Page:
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Time to address our nation’s problems

December 11, 2012
Rep. Dan Benishek , Daily Press

WASHINGTON - Many families in Northern Michigan are deeply concerned about our nation's future. They have good reason to be - we are facing a weak economy, record deficits and a federal government we can't afford. For the past two years, lawmakers and the Administration have endlessly debated and dissected our nation's fiscal crisis, only to kick the problems down the road for another day. Well, I believe that day has arrived.

The time to finally start addressing our nation's fiscal problems is now.

As the negotiations between Capitol Hill and the White House continue, my position has remained the same. I believe we need to address this nation's fiscal challenges by making serious, significant spending reductions and enact tax reform that lowers tax rates while eliminating loopholes and special giveaways. This approach represents a real opportunity for compromise with President Obama and Congressional Democrats, while laying the groundwork to get this country back on track.

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Rep. Dan Benishek

There is plenty of blame to go around for this fiscal crisis, but the fact is our federal government spends too much money. Both political parties have been guilty of being irresponsible with our precious taxpayer dollars. It has resulted in a staggering $16 trillion in national debt and a federal government that is borrowing over .40 cents for every dollar it spends. We need to take a serious look at reducing all areas of the federal budget, including defense spending and eliminate wasteful spending like the President's new health care law and taxpayer giveaways to failed companies like Solyndra.

President Obama has stated that he wants to see a "balanced approach." In response, House Republicans have offered a reasonable compromise plan that will save $2.2 trillion through tax reform in combination with real, significant spending cuts. This plan is by no means perfect, but is a solid foundation for long term debt reduction and contains the revenue increases the President has asked for.

The President wants other people to pay for his massive federal spending by raising taxes on wealthier Americans and many small business owners. The President's tax rate increases may fulfill his campaign promises, but they won't create jobs and will not even put a dent into our budget deficits either. The President's tax increases would only fund the government for a mere eight days and it would take 381 years to pay off the national debt with the revenue generated. That's not a plan to fix our problems. Additionally, economic experts have warned these tax hikes will destroy as many as 710,000 jobs nationwide, including 21,000 jobs right here in Michigan.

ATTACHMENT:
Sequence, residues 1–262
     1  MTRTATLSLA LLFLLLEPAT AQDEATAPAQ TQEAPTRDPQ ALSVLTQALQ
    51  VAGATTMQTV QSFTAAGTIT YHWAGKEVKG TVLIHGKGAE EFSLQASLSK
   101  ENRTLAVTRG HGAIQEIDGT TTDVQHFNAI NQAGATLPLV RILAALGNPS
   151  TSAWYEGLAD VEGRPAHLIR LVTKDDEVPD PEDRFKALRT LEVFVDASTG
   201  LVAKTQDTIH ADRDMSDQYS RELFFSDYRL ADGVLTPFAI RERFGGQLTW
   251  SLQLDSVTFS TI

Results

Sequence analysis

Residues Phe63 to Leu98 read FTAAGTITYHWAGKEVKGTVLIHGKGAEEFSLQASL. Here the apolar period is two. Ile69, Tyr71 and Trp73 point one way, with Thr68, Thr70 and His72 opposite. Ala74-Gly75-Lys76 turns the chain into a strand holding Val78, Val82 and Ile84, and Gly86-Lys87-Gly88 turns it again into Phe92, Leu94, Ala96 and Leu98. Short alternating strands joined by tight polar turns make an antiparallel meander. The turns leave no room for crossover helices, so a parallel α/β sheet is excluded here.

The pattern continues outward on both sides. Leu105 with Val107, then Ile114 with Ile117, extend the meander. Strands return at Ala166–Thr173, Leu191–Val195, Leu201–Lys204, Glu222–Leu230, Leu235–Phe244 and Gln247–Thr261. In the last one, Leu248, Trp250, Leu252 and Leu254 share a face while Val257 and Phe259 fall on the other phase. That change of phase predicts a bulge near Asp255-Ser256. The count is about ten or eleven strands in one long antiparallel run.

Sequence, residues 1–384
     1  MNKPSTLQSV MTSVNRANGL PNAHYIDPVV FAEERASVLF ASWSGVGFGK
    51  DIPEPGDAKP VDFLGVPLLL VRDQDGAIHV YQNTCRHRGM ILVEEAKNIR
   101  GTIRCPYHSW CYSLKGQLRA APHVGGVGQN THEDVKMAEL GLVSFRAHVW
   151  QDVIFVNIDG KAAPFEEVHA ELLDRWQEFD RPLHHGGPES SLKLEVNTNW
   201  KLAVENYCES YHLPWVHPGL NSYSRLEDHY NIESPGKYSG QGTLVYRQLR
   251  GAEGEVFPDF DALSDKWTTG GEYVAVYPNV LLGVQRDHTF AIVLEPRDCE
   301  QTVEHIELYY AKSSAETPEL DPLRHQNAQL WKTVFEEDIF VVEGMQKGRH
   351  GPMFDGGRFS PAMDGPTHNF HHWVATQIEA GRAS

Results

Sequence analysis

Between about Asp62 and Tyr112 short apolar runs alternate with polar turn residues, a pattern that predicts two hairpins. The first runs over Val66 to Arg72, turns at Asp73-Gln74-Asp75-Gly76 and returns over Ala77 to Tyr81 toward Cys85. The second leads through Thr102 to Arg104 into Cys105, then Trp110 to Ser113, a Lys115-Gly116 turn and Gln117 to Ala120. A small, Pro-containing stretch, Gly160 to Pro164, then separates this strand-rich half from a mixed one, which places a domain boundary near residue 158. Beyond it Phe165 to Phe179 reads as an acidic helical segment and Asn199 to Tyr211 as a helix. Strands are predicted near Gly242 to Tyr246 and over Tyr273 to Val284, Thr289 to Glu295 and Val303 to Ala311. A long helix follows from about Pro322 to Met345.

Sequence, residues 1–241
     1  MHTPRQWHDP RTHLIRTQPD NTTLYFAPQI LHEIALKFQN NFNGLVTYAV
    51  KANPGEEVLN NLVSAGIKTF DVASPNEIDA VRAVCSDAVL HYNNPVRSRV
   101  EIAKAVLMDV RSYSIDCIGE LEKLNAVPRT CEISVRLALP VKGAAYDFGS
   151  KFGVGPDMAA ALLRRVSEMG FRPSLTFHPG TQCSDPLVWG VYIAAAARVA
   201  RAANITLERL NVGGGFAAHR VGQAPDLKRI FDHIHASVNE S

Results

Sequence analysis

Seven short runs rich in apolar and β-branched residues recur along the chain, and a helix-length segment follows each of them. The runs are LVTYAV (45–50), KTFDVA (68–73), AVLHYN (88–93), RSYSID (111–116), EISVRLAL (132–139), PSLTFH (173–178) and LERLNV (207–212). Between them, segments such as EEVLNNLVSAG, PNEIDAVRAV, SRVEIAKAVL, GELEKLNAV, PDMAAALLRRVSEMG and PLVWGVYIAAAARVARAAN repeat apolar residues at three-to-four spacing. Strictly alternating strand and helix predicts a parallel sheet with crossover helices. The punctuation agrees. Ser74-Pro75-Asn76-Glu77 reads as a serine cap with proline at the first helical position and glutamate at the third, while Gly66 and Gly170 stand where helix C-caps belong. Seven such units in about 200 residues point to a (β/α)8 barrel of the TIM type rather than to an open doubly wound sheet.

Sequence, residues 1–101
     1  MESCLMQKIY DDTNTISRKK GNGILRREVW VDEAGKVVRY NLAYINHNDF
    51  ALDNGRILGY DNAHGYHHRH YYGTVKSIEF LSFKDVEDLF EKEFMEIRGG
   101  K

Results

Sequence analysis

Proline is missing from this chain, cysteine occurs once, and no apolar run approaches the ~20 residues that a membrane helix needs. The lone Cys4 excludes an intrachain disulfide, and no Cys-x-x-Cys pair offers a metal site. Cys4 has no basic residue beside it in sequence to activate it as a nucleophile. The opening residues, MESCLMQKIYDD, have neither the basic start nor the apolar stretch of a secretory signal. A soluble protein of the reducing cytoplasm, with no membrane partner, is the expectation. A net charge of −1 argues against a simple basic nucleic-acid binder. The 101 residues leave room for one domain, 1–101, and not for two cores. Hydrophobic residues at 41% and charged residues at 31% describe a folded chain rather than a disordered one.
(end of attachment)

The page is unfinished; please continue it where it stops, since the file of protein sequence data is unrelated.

The President has yet to offer any serious plans to reduce spending. Just recently, the President's opening bid in negotiations with House leadership was a demand for $50 billion in new federal stimulus spending and for Congress to give Mr. Obama the authority to unilaterally raise the nation's borrowing limit. With a $16 trillion dollar debt, President Obama is actually proposing more federal spending. That's not a "balanced approach" - that's the same policies that have lead to this fiscal crisis.

Ultimately, this debate is not about Democrats and Republicans. This debate is about what kind of future we will leave for our children and grandchildren. Addressing our nation's fiscal problems is not complicated; it just requires the leadership and the will to do it. In last month's election, the American people chose a divided government and with that comes the responsibility for both sides to work together.

I am hopeful the President will recognize this and finally work with both parties to find the solutions the American people deserve.

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Dr. Dan Benishek is a general surgeon and is serving in his first term in the U.S. House of Representatives.

 
 

 

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